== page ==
A Walking Tour of Clarion, Pennsylvania
a walking tour in the Look Up, America series from walkthetown.com
by Doug Gelbert
published by Cruden Bay Books at Smashwords
Copyright 2010 by Doug Gelbert
All rights reserved. No part of this book may be reproduced or transmitted in any form or by any means, electronic or mechanical, including photocopying, recording or by any information storage and retrieval system without permission in writing from the Publisher.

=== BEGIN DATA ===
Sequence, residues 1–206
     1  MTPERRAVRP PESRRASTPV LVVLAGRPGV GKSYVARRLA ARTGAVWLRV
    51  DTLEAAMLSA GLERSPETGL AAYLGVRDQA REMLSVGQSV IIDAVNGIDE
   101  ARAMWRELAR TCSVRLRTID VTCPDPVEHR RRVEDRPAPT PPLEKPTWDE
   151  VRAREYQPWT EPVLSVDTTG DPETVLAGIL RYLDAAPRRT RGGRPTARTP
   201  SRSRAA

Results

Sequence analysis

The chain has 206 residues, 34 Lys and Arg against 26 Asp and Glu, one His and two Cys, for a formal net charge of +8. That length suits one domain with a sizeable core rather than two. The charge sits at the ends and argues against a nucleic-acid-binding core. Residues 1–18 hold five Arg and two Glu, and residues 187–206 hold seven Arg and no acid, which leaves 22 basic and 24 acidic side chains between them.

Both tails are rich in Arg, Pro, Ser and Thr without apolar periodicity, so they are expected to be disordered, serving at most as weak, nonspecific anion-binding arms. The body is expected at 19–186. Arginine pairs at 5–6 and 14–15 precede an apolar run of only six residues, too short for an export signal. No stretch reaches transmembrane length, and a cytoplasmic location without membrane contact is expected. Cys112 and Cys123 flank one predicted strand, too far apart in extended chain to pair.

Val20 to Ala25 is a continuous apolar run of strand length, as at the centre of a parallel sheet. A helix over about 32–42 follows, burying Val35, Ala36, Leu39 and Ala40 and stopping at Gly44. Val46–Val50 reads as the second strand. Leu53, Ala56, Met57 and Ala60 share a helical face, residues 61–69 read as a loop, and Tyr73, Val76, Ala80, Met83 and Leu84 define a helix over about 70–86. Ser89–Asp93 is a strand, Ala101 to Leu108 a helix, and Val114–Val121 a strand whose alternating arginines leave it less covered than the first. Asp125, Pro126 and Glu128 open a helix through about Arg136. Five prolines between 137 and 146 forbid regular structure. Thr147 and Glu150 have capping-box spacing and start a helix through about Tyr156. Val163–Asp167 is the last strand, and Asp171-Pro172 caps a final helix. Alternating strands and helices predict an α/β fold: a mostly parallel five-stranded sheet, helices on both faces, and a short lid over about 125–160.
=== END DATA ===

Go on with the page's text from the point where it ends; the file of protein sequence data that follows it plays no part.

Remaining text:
Clarion County was created as the 54th of Pennsylvania's 67 counties on March 11, 1839, from parts of Venango and Armstrong counties. The Clarion River was the dividing line between the two mother counties was in early times known as Stump Creek and Toby’s Creek. In 1817, the legislature passed an Act, authorizing the survey of a state road from Indiana to Franklin. The surveyors selected were David Lawson and Daniel Stannard. While lying in their tent one night, along Toby Creek, which was heavily fringed by a wall of close and massive timber, they noticed this wall condensed and reflected the murmur of the stream, giving it a silvery mellowness. Stannard remarked, “The water sounds like a distant clarion.” And so Pennsylvania got a name for a river, a county, and, a town.